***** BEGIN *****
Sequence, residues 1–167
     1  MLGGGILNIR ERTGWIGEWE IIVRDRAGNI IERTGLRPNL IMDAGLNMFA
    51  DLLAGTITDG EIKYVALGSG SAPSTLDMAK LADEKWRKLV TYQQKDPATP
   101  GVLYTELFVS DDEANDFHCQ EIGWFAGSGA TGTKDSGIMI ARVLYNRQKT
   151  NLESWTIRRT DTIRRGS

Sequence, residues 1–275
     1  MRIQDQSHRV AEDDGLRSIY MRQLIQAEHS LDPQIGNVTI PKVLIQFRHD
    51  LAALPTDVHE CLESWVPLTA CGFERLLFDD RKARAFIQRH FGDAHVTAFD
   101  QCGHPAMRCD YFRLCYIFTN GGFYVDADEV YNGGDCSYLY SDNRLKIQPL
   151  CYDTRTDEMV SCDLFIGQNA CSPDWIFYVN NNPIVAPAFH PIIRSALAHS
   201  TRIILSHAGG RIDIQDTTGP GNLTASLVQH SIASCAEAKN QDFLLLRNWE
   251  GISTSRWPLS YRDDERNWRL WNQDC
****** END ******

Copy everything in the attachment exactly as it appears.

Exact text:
Sequence, residues 1–167
     1  MLGGGILNIR ERTGWIGEWE IIVRDRAGNI IERTGLRPNL IMDAGLNMFA
    51  DLLAGTITDG EIKYVALGSG SAPSTLDMAK LADEKWRKLV TYQQKDPATP
   101  GVLYTELFVS DDEANDFHCQ EIGWFAGSGA TGTKDSGIMI ARVLYNRQKT
   151  NLESWTIRRT DTIRRGS

Sequence, residues 1–275
     1  MRIQDQSHRV AEDDGLRSIY MRQLIQAEHS LDPQIGNVTI PKVLIQFRHD
    51  LAALPTDVHE CLESWVPLTA CGFERLLFDD RKARAFIQRH FGDAHVTAFD
   101  QCGHPAMRCD YFRLCYIFTN GGFYVDADEV YNGGDCSYLY SDNRLKIQPL
   151  CYDTRTDEMV SCDLFIGQNA CSPDWIFYVN NNPIVAPAFH PIIRSALAHS
   201  TRIILSHAGG RIDIQDTTGP GNLTASLVQH SIASCAEAKN QDFLLLRNWE
   251  GISTSRWPLS YRDDERNWRL WNQDC